Woodstock residents will pay more for water after the City Council approved a new budget that includes a 3 percent hike in water and sewer rates.
The Fiscal Year 2017-18 budget passed 6-1 April 18, with outgoing Councilman RB Thompson the only dissenter.
The new water rates, which are estimated to add about $15 annually to an average household’s bill, will go into effect May 1, when the new budget year begins.
(An ordinance formally raising water and sewer rates, separate from the budget, was approved unanimously by the City Council at the same meeting.)
Overall, the FY 2017-18 budget is balanced, with revenues expected to increase by about 1 percent over last year’s budget, up to $32.6 million.
Expenditures are projected to total $32 million, a reduction of about 1 percent from last year’s budget.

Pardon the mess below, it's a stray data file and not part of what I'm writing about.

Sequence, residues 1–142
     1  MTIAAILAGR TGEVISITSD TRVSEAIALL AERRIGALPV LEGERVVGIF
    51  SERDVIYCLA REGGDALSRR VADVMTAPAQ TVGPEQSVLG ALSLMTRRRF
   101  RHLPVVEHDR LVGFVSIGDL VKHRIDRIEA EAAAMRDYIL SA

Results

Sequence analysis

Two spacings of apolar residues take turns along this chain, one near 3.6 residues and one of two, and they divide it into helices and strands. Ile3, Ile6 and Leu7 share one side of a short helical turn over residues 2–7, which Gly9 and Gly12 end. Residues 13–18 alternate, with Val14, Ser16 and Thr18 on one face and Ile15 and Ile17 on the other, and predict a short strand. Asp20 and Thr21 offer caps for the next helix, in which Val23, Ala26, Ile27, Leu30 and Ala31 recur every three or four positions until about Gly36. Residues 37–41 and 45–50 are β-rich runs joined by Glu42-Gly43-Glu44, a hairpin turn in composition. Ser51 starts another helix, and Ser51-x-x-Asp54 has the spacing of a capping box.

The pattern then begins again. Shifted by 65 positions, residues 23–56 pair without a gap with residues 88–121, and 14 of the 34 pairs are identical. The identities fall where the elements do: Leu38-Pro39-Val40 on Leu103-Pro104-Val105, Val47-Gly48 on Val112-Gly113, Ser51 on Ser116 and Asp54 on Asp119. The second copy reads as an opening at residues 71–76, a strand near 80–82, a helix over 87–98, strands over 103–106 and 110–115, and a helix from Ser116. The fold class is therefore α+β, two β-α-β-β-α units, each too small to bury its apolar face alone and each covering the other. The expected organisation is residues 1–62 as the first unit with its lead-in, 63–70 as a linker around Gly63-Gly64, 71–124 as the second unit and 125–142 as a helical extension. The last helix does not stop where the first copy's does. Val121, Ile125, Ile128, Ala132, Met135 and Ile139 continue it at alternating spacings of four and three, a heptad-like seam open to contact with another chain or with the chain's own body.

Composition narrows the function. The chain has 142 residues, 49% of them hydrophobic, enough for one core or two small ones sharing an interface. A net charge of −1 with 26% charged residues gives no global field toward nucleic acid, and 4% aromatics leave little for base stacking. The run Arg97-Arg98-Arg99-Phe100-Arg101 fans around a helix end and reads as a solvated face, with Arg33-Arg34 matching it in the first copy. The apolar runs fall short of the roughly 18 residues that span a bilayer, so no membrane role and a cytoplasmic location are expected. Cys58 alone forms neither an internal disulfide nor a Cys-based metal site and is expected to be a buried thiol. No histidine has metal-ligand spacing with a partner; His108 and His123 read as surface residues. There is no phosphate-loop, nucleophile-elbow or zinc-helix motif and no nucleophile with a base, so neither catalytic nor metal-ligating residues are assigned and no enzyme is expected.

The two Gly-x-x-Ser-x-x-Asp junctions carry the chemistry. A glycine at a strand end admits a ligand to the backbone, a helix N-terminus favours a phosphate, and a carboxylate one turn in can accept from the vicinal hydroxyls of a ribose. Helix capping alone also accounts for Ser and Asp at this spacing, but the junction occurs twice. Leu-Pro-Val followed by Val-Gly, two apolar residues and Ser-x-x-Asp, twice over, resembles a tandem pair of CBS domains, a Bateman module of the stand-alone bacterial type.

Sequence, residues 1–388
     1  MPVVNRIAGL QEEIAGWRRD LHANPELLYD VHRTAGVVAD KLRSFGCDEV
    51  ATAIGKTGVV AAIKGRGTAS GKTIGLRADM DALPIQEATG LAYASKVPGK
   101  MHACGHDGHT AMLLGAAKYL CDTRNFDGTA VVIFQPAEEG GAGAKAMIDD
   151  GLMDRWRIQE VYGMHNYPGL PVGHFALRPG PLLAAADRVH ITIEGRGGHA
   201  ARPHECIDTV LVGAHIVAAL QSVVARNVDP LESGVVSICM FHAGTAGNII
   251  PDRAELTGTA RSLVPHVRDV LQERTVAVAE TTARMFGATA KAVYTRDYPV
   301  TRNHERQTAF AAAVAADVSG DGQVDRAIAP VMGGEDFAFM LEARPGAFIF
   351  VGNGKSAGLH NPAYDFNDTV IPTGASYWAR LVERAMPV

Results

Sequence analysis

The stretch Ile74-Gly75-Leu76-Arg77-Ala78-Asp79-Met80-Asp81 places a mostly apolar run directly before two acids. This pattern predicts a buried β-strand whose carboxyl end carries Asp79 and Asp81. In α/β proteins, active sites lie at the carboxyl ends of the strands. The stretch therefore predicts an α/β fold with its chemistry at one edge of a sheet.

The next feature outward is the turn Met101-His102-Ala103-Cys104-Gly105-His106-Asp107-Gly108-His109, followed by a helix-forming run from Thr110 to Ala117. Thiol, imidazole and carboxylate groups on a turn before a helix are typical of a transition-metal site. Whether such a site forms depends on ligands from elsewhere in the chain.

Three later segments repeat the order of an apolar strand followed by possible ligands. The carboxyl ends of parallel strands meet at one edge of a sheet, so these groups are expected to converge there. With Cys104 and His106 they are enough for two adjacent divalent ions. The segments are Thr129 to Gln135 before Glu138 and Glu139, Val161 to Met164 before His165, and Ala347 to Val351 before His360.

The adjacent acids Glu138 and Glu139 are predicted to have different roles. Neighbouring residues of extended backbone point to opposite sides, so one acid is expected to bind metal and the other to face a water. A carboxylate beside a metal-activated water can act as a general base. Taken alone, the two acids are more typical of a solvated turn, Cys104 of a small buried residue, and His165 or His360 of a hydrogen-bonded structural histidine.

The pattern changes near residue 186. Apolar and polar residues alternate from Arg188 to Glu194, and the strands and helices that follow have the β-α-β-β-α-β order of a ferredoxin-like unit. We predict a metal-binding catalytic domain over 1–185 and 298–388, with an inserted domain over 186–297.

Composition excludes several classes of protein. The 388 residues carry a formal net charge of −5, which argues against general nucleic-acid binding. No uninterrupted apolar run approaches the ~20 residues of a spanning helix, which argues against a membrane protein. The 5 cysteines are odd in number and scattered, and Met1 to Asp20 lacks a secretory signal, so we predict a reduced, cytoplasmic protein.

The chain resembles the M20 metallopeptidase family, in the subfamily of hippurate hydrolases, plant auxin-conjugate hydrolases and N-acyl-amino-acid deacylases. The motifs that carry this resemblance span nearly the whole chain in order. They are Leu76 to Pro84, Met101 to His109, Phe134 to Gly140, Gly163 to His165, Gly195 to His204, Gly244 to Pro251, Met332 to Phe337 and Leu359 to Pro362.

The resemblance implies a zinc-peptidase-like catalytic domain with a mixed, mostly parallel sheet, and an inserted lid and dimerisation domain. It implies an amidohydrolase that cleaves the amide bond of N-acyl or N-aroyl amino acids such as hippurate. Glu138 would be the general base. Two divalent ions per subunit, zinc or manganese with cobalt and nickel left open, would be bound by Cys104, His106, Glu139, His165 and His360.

The restoration of the city-owned Old Courthouse and Sheriff’s House proved to be a contentious issue, with Thompson saying he thought the city was spending too much on the project while ignoring other needs downtown. The budget shows the city spending $430,000 on the Old Courthouse in the next fiscal year, funding for which comes from its Tax Increment Financing District.
“We should be, as a council, focusing on making our downtown even more attractive for potential businesses and for people to walk to,” he said. “… Every year we put it off and put it off, but we continue to put a lot of money into an area that’s not increasing tax value, and that’s our Courthouse. Even if we made that glorious, we would not benefit from the taxes. We own it.”
John Puzzo, a Woodstock resident, said the Old Courthouse is integral to the Square and worth the city’s investment.
“If you have a classic car and it’s going to hell and you decide that rather than letting it disintegrate, you’re going to fix it, and you start putting money into it — like we’ve put into our Courthouse — you can’t just come to a point where you say we’ve gotta stop,” Puzzo said. “… We can’t abandon that. We can’t. It’s just too important for the city.”